Dear friends,

Happy New Year! As we enter 2021, I want to share with you three wishes I have for AI in the upcoming year. I hope we can:

  • Narrow the gap between proofs-of-concept and production. While building good models is important, many organizations now realize that much more needs to be done to put them into practical use, from data management to deployment and monitoring. In 2021, I hope we will get much better at understanding the full cycle of machine learning projects, at building MLOps tools to support this work, and at systematically building, productionizing, and maintaining AI models.
  • Strengthen the AI community with shared values. As a community, part of our success has come from welcoming with open arms anyone who wants to join us. But over the past decade, we’ve grown from thousands to millions across the globe, and this has led to more opportunities for misunderstanding and misalignment. It is more important than ever to establish a shared set of values, so we can support each other in doing good. Let’s make sure the AI community doesn’t splinter into different factions like the political sphere in some countries. We need to put more energy into understanding each other, have vigorous — yet civil — debates, and hopefully still come together as one community.
  • Ensure that the outcomes of our work are fair and just. The issues of bias and fairness in AI have been widely discussed. Much difficult and important work remains to be done in those areas, and we must not relent. Meanwhile, AI’s contribution to wealth inequality has received less attention. Many tech businesses are winner-take-most businesses. What is the fifth most valuable web search engine? Or the fifth most valuable social media company? As tech infiltrates every industry from agriculture to zymurgy, it’s spreading these winner-take-most dynamics. Are we creating a world where the wealth is concentrated in a small handful of companies in every industry? How can we ensure that the massive wealth we help to generate is shared fairly?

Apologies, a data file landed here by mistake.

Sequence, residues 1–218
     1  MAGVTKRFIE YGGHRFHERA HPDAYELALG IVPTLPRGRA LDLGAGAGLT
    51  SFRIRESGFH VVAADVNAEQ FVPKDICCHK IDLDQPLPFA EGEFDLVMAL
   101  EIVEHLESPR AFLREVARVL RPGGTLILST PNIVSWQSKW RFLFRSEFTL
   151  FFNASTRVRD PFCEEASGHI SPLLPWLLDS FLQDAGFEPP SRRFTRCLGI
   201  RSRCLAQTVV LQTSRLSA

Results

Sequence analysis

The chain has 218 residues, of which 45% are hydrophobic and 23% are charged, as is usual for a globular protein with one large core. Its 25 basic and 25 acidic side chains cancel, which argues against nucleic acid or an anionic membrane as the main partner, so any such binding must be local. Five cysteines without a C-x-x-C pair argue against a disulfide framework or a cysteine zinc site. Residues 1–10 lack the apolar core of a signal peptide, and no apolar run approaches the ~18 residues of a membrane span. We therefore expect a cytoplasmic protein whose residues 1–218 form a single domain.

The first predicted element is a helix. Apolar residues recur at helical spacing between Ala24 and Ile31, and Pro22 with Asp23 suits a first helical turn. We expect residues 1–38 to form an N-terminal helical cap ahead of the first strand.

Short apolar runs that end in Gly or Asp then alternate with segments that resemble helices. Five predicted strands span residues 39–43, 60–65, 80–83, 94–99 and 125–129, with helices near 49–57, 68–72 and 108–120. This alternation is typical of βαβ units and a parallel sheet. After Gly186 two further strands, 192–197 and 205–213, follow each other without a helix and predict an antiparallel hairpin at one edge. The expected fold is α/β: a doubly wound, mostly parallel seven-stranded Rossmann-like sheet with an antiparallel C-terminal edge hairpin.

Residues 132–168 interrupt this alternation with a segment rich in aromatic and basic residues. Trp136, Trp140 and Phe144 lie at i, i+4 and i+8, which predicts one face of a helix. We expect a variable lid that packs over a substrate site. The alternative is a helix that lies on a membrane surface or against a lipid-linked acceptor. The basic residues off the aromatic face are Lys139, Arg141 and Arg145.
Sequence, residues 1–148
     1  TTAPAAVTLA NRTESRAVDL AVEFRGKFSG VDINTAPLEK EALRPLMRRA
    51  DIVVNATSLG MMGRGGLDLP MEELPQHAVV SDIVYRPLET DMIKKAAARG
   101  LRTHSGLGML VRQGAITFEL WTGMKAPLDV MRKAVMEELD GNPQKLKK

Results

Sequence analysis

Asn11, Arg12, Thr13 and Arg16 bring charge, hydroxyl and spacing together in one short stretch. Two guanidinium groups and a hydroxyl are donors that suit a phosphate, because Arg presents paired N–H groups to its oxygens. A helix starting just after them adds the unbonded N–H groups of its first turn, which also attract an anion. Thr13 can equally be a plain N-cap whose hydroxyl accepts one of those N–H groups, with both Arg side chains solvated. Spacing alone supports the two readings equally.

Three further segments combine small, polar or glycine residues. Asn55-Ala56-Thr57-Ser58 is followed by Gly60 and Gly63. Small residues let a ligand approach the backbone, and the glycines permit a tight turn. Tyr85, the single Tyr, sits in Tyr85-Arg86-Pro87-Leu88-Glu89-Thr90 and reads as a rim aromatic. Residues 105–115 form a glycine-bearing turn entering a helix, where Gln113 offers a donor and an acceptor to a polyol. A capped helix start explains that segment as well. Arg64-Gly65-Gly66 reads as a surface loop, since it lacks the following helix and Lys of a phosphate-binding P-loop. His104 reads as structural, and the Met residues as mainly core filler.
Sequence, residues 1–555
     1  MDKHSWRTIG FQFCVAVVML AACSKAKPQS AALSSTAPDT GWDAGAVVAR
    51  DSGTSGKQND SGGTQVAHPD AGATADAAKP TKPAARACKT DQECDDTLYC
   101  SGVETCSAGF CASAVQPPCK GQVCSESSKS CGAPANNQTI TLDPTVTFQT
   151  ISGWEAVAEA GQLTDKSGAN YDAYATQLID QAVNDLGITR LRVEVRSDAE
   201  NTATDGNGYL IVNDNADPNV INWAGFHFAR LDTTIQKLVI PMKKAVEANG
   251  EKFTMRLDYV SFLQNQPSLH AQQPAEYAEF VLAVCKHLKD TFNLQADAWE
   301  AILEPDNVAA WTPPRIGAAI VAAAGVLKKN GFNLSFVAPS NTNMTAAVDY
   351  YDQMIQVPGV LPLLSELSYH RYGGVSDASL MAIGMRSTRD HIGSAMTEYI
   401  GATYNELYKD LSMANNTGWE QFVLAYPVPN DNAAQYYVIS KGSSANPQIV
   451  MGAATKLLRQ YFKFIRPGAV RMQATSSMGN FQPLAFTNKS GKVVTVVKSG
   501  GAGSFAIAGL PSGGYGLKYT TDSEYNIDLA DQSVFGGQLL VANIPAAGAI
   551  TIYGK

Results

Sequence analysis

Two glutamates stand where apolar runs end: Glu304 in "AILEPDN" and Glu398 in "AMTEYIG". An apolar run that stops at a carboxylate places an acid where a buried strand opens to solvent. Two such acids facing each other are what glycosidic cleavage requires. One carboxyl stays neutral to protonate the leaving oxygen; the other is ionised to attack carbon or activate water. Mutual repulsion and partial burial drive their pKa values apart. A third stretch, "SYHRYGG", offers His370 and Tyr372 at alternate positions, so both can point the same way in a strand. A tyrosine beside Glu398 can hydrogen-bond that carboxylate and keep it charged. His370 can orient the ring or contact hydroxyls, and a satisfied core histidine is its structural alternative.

I have great optimism for AI in 2021, and for the role you will play in it. I look forward to wrestling with these and other challenging problems with you.

Keep learning!


Onward to 2021

The technology in our hands has the power to deliver vital services, grease the wheels of life and work, bring joy and delight, and create wealth that uplifts all humanity. Yet with it comes responsibility to distribute its benefits fairly and contain its unwanted impacts. How will we navigate these priorities in the coming year? Leaders of the AI community discuss their hopes in this special issue of The Batch.

Ayanna Howard

Ayanna Howard: Training in Ethical AI

As AI engineers, we have tools to design and build any technology-based solution we can dream of. But many AI developers don’t consider it their responsibility to address potential negative consequences as a part of this work. As a result, we continue to hear about inequities in the delivery of medical care, access to life-changing educational opportunities, financial assistance to people of meager means, and many other critical needs.

In the coming year, I hope the AI community can reach a broad consensus on how to build ethical AI.